Michael C. Williams Reflects on The Blair Witch Project

Hawthorne’s Michael C. Williams of The Blair Witch Project is scaring up some new projects while teaching the next generation.

It was 25 years ago this month that The Blair Witch Project premiered at the Sundance Film Festival. The found-footage film took off, caused countless people to stay out of the woods at night, and made some $250 million at the box office — a stunning tally for a low-budget, independent film.

Michael C. Williams played Mike, one of the three film students who comprise the main characters. He was living in Queens at the time and working at an ice cream shop when he saw the Blair Witch casting ad in Backstage. “I was doing what actors do — working, auditioning,” Williams recalls.

A quarter-century later, he is still in show business. Williams and his wife Toni are theater co-directors at Westlake High School and Middle School in Thornwood, putting on the fall drama at the high school and a winter musical at the middle school. 12 Angry Jurors was the drama in November, and Elf Jr. will hit the stage in late January.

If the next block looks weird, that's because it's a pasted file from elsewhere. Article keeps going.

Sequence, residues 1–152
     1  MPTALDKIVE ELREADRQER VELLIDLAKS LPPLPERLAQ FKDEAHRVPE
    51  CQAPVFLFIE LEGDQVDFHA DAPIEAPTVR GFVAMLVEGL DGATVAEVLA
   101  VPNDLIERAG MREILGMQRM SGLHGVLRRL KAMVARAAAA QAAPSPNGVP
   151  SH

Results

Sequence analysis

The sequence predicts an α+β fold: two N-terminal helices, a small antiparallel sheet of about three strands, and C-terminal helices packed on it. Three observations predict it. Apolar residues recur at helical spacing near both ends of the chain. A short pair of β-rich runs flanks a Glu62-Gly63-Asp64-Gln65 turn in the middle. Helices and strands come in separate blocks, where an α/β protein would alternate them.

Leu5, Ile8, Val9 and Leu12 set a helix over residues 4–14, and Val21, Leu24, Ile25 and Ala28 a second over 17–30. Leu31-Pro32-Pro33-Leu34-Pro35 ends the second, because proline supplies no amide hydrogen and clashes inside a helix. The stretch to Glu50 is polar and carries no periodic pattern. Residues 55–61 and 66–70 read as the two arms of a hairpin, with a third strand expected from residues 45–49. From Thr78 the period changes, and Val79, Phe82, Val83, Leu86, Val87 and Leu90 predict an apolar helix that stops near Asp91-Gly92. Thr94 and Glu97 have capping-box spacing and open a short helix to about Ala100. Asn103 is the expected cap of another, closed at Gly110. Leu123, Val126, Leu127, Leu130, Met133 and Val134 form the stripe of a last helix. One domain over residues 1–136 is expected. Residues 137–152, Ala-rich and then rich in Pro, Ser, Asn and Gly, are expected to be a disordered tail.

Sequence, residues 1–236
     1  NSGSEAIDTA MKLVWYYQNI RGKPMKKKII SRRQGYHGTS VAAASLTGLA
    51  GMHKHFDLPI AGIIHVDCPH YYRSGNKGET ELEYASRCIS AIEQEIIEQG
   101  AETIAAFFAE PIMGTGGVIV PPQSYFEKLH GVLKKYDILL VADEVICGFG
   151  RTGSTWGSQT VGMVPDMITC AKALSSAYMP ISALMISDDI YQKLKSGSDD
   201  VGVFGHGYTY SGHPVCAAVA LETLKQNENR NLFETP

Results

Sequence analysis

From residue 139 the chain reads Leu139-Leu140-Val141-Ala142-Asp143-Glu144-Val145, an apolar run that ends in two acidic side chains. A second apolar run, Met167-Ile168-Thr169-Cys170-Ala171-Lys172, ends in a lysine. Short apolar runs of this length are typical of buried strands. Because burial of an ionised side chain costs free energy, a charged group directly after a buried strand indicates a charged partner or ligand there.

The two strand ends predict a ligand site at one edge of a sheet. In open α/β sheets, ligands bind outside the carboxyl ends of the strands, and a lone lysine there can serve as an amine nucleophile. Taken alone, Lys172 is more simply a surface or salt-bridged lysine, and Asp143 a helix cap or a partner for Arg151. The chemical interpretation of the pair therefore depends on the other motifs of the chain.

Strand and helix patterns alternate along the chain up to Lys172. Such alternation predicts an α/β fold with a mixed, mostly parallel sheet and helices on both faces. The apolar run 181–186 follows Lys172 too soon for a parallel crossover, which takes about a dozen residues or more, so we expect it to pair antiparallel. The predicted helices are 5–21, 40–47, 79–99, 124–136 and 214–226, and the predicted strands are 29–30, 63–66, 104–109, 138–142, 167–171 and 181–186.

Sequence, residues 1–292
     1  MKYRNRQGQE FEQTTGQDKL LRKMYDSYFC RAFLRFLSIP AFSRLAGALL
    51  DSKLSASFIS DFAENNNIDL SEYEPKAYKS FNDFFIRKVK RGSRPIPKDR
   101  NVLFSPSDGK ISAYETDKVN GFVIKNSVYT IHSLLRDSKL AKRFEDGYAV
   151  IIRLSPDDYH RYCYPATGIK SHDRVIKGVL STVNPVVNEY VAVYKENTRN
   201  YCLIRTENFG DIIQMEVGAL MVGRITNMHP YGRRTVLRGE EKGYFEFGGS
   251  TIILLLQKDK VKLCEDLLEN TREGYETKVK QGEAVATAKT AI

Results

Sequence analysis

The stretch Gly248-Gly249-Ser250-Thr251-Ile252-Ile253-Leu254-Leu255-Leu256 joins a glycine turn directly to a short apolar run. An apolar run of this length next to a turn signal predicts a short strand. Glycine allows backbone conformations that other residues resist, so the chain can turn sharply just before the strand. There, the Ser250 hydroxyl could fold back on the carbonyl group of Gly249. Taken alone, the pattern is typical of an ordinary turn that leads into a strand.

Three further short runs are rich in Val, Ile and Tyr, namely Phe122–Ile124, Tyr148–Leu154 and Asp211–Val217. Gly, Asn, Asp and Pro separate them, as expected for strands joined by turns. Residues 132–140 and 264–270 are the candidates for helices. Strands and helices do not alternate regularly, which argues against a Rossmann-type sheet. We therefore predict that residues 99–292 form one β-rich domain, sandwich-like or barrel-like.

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Both graduated from Westlake. Living in Hawthorne, they have two kids in college.

Photo courtesy of Michael C. Williams

Williams still gets acting work, including independent horror films, but his time is occupied by helping young people meet their potential: directing the Westlake plays, running his MCW Acting Studio in Hawthorne, and working as a school counselor at Scarsdale Middle School.

Williams recalls his own guidance counselor at Westlake, Donna Garr, helping him focus when his father died and his mother began battling alcohol addiction. Seeing his comfort onstage, Garr steered Williams to study theater in college when he was thinking about the military.

It was Garr that Williams reached out to in the aughts, when acting work was unsteady and he was considering a career shift. He started his master’s in school counseling in 2007 and got his first counselor job in 2010. As the Blair Witch anniversary approaches, Williams is reflecting on the film. “It really did change the trajectory of many facets of my life,” Williams says. “Twenty five years later, and we’re still talking about it.”

Michael Malone’s journalism also appears in the The New York Times, The Boston Globe, and The Journal News, and he writes the column, A Novel Concept, on Substack.

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